The sound of hammers on metal reverberates around the Croix-des-Bouquets neighbourhood of Haiti’s sprawling capital Port-au-Prince. Hundreds of makers, mostly men, are continuing the tradition of a uniquely Haitian art form, one that is helping families plan for the future.
Every day, decommissioned oil drums are brought from the port to Croix-des-Bouquets. The drums arrive full of oil, which is sold at the port. Deemed too expensive to ship back empty to their countries of origin, the drums are discarded by the shipping companies, but they don’t go to waste.
The barrels are brought 10 kilometers from the port to Croix-des-Bouquets. Some are brought by hand. Others ride on the roof of taxis. Eventually, they make it to metal shops, where skilled makers do something extraordinary with a hammer and chisel.
Fer-de-coupe, what we call Haitian cut metal, almost never made it off the island. The first known cut metal in this unique style was practiced by a Haitian blacksmith named Georges Liautaud, whose work making metal crosses for the communal cemetery impressed visiting American artist DeWitt Peters, sometime around World War Two. Encouraged by the American, Liautaud began breaking down fuel cans, drawing freehand designs on the flattened metal in chalk, and then cutting and hammering the material to give it three-dimensionality.
As Liautaud’s work began being featured in museums around the world, he gained disciples at home, eager to learn how to transform trash into something that could be featured in art galleries. These disciples developed into a community of artists, a community that remains active today.
In 1972, the Comité Artisanal Haïtien (CAH), a non-profit co-operative, was formed to reduce competition between makers to help artisans earn the income they deserved. Today the organization represents more than 200 makers.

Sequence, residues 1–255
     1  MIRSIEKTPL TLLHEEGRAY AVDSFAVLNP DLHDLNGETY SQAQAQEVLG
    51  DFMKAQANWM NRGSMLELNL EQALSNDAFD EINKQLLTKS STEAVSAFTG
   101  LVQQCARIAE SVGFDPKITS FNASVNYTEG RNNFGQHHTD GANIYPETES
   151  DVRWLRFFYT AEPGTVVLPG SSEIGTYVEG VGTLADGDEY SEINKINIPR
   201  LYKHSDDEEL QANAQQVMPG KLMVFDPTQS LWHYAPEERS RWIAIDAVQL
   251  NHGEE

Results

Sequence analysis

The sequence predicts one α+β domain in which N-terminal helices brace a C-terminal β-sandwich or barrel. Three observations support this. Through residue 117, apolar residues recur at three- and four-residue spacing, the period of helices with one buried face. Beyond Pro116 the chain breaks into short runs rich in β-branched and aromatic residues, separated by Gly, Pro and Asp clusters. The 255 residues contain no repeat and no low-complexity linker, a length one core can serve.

In Haiti, the unemployment rate is near 40%. This means that most of the makers with CAH produce metal art as a primary income. Many are their family’s sole income providers.
One such provider is Bouchard Jean Roosevelt. Bouchard is 40, and has been working in a Fer-de-coupe workshop for the past 20 years. He began outside of CAH, making copies of other designs, before apprenticing with one of the craft’s great teachers, Hubert Bernard.
Bouchard told us, ‘Before I worked with Hubert….I was not making much money. Once I trusted myself enough to create my own pieces, I realized I could make it on my own. Now, I have my own workshop that helps me make enough money to take care of my family and my workers.’
Thanks to CAH’s fair trade programs, Bouchard is able to send his children to school. School is technically free in Haiti, but in reality only about 40% of Haitian children can afford to attend.
In the evenings, Bouchard likes playing soccer, and spending time with his family.
As Father’s Day approaches, we’re thinking about the makers in Haiti, who with ingenuity and drive have pursued excellence in their craft. Thanks to his partnership with CAH, and their partnership with Ten Thousand Villages, Bouchard has built a business that thrives. This is the world that fair trade envisions: one where people like Bouchard can turn drive, skill, and heart into a bright future for their families.